The American West in Bronze, 1850-1925 at Metropolitan Museum of Art
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At the turn of the twentieth century, artistic representations of American Indians, cowboys and cavalry, pioneers and prospectors, and animals of the plains and the mountains served as visual metaphors for the Old West and, as such, were collected eagerly by an urban-based clientele. Through some sixty-five bronze sculptures by twenty-eight artists, this exhibition will explore the aesthetic and cultural impulses behind the creation of statuettes with American western themes so popular with audiences then and now. In addition to representative sculptures by such archetypal artists as Frederic Remington and Charles M. Russell, the exhibition will explore the work of sculptors who infrequently pursued western subjects -- such as James Earle Fraser and Paul Manship -- yet profoundly informed widespread appreciation of the American bronze statuette. The American West in Bronze, 1850-1925 will offer a fresh and balanced look at the multifaceted roles played by these sculptors in creating three-dimensional interpretations of western life, whether those interpretations are based on historical fact, mythologized fiction, or, most often, something in between.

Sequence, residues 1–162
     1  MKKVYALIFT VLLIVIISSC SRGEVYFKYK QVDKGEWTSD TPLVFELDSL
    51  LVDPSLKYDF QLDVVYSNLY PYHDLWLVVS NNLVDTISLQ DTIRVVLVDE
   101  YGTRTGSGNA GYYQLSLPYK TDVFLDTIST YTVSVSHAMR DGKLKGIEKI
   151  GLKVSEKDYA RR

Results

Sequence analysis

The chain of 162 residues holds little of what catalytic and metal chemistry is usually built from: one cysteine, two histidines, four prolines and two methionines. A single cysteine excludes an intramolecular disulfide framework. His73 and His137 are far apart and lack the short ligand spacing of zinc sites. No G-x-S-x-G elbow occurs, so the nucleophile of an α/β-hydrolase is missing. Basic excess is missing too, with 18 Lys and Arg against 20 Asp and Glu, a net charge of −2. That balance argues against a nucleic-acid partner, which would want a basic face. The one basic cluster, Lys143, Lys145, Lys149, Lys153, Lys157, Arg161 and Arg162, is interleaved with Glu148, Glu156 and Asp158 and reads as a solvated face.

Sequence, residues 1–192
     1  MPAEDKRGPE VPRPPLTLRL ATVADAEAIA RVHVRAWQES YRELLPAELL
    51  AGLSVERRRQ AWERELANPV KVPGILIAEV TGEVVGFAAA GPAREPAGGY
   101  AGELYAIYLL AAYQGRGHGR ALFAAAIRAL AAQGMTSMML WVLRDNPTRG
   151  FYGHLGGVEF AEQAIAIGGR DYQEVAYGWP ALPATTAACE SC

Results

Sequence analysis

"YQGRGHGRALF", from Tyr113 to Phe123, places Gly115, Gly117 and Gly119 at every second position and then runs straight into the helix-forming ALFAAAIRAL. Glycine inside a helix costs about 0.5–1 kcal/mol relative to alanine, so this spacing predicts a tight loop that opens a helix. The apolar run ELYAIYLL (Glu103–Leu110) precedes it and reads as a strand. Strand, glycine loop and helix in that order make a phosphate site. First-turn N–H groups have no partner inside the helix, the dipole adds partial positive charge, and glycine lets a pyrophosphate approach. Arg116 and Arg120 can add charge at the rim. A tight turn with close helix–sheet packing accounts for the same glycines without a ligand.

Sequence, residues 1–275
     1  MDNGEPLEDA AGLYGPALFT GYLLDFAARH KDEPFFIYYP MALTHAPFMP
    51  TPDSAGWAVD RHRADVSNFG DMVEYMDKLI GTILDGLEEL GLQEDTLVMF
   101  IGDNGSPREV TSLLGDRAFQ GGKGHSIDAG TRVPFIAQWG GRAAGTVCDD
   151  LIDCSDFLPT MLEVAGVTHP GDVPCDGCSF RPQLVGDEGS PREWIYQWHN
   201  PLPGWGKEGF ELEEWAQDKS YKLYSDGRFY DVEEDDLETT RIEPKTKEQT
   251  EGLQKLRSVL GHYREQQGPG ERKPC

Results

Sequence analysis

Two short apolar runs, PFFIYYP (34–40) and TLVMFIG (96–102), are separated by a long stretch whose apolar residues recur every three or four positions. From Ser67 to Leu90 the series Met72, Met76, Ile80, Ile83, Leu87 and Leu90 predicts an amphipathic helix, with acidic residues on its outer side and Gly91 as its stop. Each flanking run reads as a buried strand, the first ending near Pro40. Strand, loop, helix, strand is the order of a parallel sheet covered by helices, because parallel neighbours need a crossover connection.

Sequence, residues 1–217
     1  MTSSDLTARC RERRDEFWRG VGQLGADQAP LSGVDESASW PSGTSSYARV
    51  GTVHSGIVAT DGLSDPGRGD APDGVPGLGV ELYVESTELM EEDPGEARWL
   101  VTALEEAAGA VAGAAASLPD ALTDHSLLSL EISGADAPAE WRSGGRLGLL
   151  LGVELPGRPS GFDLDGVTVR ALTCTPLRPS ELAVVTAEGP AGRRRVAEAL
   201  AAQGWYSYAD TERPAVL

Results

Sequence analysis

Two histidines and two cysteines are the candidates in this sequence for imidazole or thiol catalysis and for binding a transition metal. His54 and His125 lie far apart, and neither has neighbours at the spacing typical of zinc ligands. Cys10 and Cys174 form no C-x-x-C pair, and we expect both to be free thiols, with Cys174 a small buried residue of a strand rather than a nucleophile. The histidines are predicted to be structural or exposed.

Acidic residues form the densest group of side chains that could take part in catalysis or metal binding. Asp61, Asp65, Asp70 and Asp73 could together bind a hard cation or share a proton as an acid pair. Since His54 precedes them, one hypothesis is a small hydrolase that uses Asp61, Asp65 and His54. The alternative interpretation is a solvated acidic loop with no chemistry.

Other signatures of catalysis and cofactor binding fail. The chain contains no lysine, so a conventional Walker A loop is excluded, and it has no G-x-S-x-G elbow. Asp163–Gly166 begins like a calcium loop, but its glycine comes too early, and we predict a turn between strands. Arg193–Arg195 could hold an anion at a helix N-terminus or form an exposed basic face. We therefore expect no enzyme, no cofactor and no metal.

Venue Description: Sun.-Thurs., 10am-5:30pm; Fri.-Sat., 10am-9pm. Recommended admission: $25.